Uber becomes one of the most valuable venture-backed startups in history

$50 billion valuation puts Uber on a par with Facebook before it went public

Clare Hutchison
Monday 11 May 2015 12:07
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Uber has seen rapid growth thanks to its cheap rates and a user-friendly smartphone service
Uber has seen rapid growth thanks to its cheap rates and a user-friendly smartphone service

Uber could be about to become one of the most valuable venture-backed startups in history after a fresh fundraising round may bump its worth up to around $50 billion.

That would make Uber one of the most valuable venture-backed startups in history, putting it on a par with Facebook, which was valued at $50 billion before its IPO.

The valuation hike comes just six months after the controversial taxi-hailing app notched up a $40 billion valuation after taking in another $1.2 billion from investors to fund its overseas expansion.

It is now looking at raising a further $1.5 billion, according to reports.

The start-up is reportedly hoping to use the cash to finance strategic moves, such as partnerships.

The cash injection would see it surpass Chinese smartphone maker Xiaomi - valued at $45 billion - as the world's most valuable privately-owned startup.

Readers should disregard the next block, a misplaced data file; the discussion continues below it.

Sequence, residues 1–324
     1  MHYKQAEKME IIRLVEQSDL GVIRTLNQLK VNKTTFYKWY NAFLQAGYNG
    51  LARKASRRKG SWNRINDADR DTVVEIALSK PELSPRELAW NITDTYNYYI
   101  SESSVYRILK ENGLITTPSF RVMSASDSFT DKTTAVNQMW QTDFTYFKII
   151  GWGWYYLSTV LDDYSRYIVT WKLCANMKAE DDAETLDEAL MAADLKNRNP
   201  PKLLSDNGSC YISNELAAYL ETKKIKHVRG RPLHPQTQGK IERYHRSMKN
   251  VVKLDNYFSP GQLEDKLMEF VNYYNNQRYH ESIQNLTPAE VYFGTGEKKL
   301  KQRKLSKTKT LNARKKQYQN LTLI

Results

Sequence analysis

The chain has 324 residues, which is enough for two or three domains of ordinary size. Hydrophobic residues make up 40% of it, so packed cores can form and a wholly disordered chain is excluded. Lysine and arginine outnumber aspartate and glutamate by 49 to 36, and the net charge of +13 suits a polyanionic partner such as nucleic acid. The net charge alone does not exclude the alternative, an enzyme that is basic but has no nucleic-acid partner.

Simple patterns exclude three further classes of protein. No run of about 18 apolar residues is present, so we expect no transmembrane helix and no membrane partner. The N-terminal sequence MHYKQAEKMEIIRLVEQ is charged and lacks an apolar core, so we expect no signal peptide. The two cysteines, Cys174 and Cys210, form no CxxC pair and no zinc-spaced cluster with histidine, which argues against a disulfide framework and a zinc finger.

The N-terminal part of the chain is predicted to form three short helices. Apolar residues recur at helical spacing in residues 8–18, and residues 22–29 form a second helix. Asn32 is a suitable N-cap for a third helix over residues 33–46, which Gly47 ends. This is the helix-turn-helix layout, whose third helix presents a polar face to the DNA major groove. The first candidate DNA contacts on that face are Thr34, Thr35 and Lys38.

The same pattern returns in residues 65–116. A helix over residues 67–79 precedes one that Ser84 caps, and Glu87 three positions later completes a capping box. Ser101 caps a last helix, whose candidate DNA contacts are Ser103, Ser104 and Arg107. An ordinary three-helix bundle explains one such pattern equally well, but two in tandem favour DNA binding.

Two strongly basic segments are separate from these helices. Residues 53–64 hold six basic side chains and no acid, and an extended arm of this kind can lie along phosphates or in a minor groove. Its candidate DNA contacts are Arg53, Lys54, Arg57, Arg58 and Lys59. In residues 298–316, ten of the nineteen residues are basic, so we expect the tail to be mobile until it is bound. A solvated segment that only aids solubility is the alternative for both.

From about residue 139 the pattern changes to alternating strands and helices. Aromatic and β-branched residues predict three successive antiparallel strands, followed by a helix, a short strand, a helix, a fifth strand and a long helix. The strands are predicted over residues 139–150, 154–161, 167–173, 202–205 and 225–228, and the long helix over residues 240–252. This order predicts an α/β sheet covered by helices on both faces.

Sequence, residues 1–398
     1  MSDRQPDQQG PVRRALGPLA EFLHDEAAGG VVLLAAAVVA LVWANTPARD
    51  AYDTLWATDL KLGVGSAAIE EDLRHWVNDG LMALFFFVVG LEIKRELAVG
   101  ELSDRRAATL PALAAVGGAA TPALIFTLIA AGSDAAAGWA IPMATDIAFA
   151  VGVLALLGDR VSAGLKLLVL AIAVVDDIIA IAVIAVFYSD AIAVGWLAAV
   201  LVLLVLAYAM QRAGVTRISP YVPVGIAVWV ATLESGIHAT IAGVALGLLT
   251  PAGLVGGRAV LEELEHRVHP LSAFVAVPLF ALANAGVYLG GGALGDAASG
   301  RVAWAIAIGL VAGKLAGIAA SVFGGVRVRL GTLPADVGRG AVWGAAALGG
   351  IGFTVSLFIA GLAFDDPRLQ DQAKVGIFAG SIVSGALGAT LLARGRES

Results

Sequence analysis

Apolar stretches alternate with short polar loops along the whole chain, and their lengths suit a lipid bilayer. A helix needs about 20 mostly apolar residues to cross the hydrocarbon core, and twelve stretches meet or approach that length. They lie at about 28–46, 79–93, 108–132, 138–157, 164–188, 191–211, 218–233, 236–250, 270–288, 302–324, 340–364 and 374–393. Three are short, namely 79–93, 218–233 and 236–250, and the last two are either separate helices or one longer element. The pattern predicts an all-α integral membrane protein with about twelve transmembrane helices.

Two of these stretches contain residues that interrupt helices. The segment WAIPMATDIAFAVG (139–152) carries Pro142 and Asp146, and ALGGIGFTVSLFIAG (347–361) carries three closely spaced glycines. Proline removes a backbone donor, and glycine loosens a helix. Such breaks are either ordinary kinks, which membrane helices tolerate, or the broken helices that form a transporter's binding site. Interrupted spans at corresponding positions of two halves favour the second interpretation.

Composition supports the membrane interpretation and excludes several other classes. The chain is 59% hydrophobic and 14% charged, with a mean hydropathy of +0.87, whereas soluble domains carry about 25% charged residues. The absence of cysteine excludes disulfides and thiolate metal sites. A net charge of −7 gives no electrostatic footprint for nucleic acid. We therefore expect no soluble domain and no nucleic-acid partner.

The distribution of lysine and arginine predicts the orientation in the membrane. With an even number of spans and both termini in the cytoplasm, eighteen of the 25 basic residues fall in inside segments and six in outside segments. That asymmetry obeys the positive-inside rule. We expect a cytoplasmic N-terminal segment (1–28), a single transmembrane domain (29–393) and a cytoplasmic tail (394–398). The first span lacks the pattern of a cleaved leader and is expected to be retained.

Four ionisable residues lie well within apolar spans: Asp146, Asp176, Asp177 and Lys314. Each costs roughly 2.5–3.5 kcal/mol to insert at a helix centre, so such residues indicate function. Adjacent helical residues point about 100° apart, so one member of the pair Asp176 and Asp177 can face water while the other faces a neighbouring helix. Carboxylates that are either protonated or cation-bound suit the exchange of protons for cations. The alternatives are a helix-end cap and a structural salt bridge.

It would also top the market cap of public firms FedEx and Nissan, according to the New York Times.

The company, founded in 2008 by Stumbleupon creator Garrett Camp and Red Swoosh's Travis Kalanick has seen rapid growth thanks to its cheap rates and a user-friendly smartphone service.

It has raised around $4 billion along the way, allowing it to operate in more than 200 cities across the world and its cars to outnumber yellow taxis in New York.

It is facing a mounting pile of regulatory problems, however, including police investigations into its activities in China and France, as well as questions over its safety after one of its drivers was accused of rape in India.

Traditional taxi services, including London's black cabbies, have also protested against the app claiming its drivers do not have to comply with the same strict rules they do.

Uber's management have so far been undeterred by the setbacks and have ambitious plans for its future.

Kalanick, who also serves as its chief executive, has said the service could create 50,000 jobs in Europe in the coming year.

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